Tuesday, September 06, 2005

Whatcha readin', H?

Why, it's Superstud, by Paul Feig!

He's the creator of that wonderfully funny and horribly cancelled TV program, "Freaks and Geeks." Anyone not familiar with this show should clearly have their intellect checked. Some of the best characters written for television were on that show, as well as some of the smartest and funniest dialogue this escape artist has ever come across.

Much like his first book, "Kick Me", Feig revels in self-deprecation, opening the reader up to his life and saying, "You know that crap you used to do? Remember how you thought you were the only one? Guess again, chump." Most likely, anything embarrasing you did, he did. And he did it worse.

The book's not as good as "Kick Me", if only because some of the incidents described in "Kick Me" translate almost verbatim into the storylines of "Freaks and Geeks", and maybe I say that because F&G gave me so much, and reading this is like looking through a scrapbook of your summer in marching band. You laugh, you shed a tear, and you wish you could pick up that tuba and play that Souza one last time.

Still, it's a fun read, his conversational tone makes it easy to dig through, and I guarantee once a chapter, you will laugh out loud. I guarantee it (like that dude from Men's Warehouse).

I remain as always,

Monday, September 05, 2005

Hooray for Horrorwood!

Yes, that four year labor of love is finally bearing its delicious comic book fruit. The wonderful folks over at Ape Entertainment (check them out at www.ape-entertainment.com) have decided to help my friend Brent and I in that eternal quest for a little bit of the comic book pie. Golly, I must be hungry... Anyhoo, the book, a four issue miniseries, will be hitting the shelves in April of 2006, if all goes as planned. From there, we will undoubtedly be signing over the film rights, purchasing gas guzzler automobiles with expensive spinning rims, and fighting over likeness rights in the toy line. It's gonna be sweet.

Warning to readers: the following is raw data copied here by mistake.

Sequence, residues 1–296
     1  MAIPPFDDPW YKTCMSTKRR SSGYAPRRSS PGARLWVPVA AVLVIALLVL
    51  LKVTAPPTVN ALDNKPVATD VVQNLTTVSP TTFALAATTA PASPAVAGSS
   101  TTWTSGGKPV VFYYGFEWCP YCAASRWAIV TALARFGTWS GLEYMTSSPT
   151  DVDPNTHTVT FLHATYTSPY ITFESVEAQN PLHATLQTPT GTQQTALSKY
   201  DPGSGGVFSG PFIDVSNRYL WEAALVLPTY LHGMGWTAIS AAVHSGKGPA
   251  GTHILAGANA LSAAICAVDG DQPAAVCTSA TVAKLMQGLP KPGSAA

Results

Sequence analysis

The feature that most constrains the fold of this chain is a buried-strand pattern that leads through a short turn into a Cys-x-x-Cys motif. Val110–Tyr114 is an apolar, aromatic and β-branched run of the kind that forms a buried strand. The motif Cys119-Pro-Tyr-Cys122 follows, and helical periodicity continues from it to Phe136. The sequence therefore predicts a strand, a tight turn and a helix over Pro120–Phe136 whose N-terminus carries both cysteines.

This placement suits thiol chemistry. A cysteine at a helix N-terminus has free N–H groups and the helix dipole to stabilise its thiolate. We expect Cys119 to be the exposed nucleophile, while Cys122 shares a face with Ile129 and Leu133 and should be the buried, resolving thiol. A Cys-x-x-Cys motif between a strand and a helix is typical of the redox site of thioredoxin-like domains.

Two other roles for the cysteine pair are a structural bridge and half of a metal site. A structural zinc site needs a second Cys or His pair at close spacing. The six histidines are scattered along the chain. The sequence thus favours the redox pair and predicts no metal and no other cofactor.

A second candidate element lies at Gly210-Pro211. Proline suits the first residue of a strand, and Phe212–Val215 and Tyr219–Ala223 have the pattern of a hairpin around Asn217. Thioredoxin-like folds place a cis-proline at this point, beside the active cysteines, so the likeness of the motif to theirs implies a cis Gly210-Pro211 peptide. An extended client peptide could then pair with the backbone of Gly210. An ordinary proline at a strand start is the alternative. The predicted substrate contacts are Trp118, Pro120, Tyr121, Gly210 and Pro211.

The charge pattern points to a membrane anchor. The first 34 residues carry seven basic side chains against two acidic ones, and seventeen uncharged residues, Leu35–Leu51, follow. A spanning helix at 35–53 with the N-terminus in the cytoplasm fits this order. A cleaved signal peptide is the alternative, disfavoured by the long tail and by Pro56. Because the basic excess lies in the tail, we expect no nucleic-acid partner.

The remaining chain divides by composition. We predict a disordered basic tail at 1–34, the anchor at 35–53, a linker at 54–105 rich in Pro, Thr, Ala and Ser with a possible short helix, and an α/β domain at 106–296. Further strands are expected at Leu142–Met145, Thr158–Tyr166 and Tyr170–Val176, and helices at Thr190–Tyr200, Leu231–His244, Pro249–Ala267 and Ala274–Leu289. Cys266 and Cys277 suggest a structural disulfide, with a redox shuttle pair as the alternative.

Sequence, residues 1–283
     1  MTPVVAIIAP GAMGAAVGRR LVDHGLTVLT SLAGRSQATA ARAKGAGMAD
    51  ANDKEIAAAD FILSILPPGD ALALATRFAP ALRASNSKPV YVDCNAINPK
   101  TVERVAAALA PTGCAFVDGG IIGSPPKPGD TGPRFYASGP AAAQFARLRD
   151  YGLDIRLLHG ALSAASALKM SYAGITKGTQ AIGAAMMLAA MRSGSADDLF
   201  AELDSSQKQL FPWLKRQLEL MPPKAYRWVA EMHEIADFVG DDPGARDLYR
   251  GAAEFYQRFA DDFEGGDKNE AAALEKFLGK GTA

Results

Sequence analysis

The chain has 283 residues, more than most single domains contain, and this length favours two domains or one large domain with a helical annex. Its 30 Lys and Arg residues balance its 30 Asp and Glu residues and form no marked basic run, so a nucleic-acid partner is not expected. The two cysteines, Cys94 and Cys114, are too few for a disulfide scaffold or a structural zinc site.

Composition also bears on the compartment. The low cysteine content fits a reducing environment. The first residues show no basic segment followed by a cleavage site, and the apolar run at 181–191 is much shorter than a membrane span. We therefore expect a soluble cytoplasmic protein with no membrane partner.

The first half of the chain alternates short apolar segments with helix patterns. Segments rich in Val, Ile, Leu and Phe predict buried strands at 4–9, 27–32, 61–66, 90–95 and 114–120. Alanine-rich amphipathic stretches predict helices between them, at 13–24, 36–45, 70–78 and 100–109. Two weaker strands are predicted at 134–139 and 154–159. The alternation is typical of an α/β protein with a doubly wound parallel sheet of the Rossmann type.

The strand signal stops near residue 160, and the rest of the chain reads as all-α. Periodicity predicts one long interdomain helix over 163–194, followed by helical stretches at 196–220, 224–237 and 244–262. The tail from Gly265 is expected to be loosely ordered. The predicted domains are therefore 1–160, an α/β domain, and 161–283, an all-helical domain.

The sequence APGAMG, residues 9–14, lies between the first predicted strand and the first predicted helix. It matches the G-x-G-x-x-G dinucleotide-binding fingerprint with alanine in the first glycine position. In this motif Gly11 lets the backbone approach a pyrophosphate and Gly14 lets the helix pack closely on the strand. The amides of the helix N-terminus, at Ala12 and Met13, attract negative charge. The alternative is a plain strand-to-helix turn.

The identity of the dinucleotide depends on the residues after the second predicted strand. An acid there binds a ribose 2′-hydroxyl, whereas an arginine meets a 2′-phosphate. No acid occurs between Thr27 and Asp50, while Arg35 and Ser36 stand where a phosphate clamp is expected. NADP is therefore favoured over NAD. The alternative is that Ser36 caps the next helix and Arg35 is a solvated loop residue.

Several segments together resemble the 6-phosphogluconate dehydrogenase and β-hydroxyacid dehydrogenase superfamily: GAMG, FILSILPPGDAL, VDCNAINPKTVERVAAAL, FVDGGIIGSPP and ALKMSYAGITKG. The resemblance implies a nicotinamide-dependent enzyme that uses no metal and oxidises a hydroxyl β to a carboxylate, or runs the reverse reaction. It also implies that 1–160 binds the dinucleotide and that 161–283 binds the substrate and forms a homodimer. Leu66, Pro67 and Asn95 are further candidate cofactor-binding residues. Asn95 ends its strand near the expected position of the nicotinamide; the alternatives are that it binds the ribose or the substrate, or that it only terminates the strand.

For those of you not familiar with the project, Horrorwood is a book I wrote, and my hetero lifemate Brent Schoonover (www.brentschoonover.com -- a little plug for the boy) illustrated. A concept conceived in art school, while sitting at Brent's apartment amid the scandalous Polaroids, the 'borrowed' stone sculptures, and the fat-jiggling weight machine, Horrorwood tells the tale of four characters cast into the weird and wild world of Hollywood in the 1950s. The four main characters are a failed B-movie actress, her eccentric and reclusive special effects creator father, an out of work stuntman, and an enigmatic magician. You're salivating, aren't you? You must wait until April to slake that thirst.

So come on back, check the blog from time to time, and I'll fill you in on the sordid details. This is our first of many ventures into the wacky world of comics, and it shall be a memorable one.

So until then, I remain as always,


*note: H.H. is not affiliated or licensed by the Houdini family. He is merely a player in the game of life, though his feats in the escape arts are exemplary, and often of note. Consulting Frederick Northam's work, "North American Escape Art in the Early 20th Century", ______________ (actual name withheld for political reasons) holds the record for being the first non-simian to escape the everpopular Waldrip Hang-Slide, a device made popular by Milfred Waldrip, a cattle farmer from Waterloo, Iowa. His time was 3minutes and 8 seconds, a record he held for 29 days.